The best manufacturers in the world are using Machine Learning to automate, improve, and evolve their factory lines. Machine Learning can reduce emissions, help monitor equipment and flag anomalies, and automate manual work: all without the need for teams of hundreds. This post will explain how to get there.
Factories and manufacturing are holistic operations: they’re a business, not just part of a business. That’s why Machine Learning has some of the most varied and effective use cases here of any vertical or industry.
It’s becoming increasingly important to monitor, decrease, and ultimately eliminate the negative externalities that your manufacturing imposes on the environment. Siemens was able to use Deep Learning to reduce the emissions of their gas turbines by an additional 10% on top of what human experts came up with.
Preventing Equipment Failure
Downtime is a routine and expected part of a manufacturing operation, but cutting it by a meaningful percentage can have significant impacts on output. GE’s Predix platform is the market leader in helping companies monitor and prevent failure, and we’ll cover it more below.
Industrial robots are generally considered low hanging fruit in factory automation because of their practical bottom line impact. Fanuc, one of the Japanese leaders in industrial automation, is teaching robots to learn themselves with Deep Reinforcement Learning.
Improving Yields and Quality
In certain complicated manufacturing processes like that of semiconductors, initial applications of Machine Learning have been able increase yields by up to 30% and reduce scrap rates significantly. ML models can carry out root cause analysis as well as reduce testing costs (one of the most frustrating parts of semiconductor fabrication, with entire companies dedicated to improving it).
In the earlier stages of company formation, it’s tremendously difficult to keep supply at pace with demand. Honeywell has been integrating Machine Learning into their factories to forecast product demand and adjust manufacturing accordingly.
Both for their own manufacturing and as a software producer, GE has been a leader in the factory automation and Machine Learning space. Their core product is called Predix, and it’s a platform for creating Machine Learning based analytics tailored to factory assets and based on the digital twin model.
The digital twin is a simple but powerful concept: manufacturers can create digital representations of their physical factory equipment that store all of the relevant data. Think of this as a sort of database schema: if you’ve got hundreds of thousands of sensors monitoring data in your factory, these assets give you a way of tagging, nesting, and organizing them. Digital twin schemas can get much more complex than this, but the main idea holds.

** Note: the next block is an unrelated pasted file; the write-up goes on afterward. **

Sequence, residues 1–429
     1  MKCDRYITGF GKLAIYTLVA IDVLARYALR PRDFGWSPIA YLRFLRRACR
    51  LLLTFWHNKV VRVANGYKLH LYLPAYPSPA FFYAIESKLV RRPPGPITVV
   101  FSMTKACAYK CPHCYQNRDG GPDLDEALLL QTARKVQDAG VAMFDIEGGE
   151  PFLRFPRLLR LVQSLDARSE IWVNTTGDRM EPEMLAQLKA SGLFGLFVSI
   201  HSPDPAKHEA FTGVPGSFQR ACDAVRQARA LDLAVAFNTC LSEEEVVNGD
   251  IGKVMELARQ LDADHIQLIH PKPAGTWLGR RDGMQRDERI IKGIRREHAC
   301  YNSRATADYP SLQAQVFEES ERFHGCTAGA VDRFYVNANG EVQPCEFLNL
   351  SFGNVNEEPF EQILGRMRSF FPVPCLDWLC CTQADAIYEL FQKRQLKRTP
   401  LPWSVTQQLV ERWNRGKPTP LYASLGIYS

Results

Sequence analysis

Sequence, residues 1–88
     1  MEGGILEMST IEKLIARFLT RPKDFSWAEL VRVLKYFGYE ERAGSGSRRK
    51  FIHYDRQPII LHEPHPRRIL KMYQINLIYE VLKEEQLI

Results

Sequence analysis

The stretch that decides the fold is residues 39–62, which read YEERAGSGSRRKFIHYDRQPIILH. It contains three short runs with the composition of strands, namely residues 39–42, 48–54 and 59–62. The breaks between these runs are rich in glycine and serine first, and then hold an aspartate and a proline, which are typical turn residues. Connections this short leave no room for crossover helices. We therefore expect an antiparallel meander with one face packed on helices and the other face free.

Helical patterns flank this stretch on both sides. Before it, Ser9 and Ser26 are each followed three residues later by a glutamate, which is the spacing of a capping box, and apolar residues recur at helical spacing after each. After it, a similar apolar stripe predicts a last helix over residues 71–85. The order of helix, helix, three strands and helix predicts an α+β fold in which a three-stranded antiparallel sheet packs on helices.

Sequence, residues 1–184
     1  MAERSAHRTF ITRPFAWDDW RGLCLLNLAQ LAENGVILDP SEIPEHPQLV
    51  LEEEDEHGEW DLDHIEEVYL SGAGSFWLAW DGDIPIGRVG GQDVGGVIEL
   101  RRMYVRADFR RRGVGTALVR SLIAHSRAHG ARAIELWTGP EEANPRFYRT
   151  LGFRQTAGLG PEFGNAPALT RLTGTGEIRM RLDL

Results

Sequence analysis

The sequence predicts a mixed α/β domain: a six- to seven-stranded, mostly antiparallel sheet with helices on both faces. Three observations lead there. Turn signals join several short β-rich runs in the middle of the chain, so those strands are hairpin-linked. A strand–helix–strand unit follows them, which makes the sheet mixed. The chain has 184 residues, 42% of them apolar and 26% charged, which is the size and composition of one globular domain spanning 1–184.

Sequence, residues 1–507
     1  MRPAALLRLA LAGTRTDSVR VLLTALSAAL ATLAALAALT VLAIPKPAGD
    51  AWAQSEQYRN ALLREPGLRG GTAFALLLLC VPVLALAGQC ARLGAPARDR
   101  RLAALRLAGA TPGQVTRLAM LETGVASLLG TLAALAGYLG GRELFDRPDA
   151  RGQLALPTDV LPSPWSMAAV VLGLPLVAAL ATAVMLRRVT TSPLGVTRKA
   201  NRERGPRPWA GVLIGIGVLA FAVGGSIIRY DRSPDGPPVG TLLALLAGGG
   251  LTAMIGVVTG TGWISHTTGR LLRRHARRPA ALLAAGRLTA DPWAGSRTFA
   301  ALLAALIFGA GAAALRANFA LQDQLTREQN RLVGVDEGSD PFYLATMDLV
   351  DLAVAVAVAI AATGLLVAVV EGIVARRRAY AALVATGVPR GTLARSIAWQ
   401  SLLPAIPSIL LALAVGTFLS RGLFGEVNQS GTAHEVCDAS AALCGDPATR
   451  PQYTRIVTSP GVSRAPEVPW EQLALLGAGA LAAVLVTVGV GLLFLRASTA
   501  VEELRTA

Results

Predix helps companies build systems across multiple use cases like process automation and failure prediction. According to their website, the platform supports 300+ models and 150+ asset models for digital twins. While Predix and GE Digital may not have been blockbuster successes financially, they clearly show the promise and potential that Machine Learning can bring to this critical function.
Alongside the established companies in the space, startups have been tackling these problems and getting some impressive traction. Alluvium helps factory owners make sense of their data streams with Machine Learning, and has raised money from some of the best investors on the East Coast. Landing.AI, a higher profile company, was founded by AI pioneer Andrew Ng and is approaching factory automation as its first vertical.
With such a high number of relevant devices and the increasing complexity of getting them to all work together, it can be seriously challenging to successfully implement Machine Learning in manufacturing.
Sensors and Network
Companies with significant manufacturing operations can have hundreds of thousands of sensors in their factories, if not more. This is more than just big data we’re dealing with: it’s layers of complexity around networking, organization, and latency. Algorithms will need to deal with nuances of variety, volume, and velocity.
Impact at Scale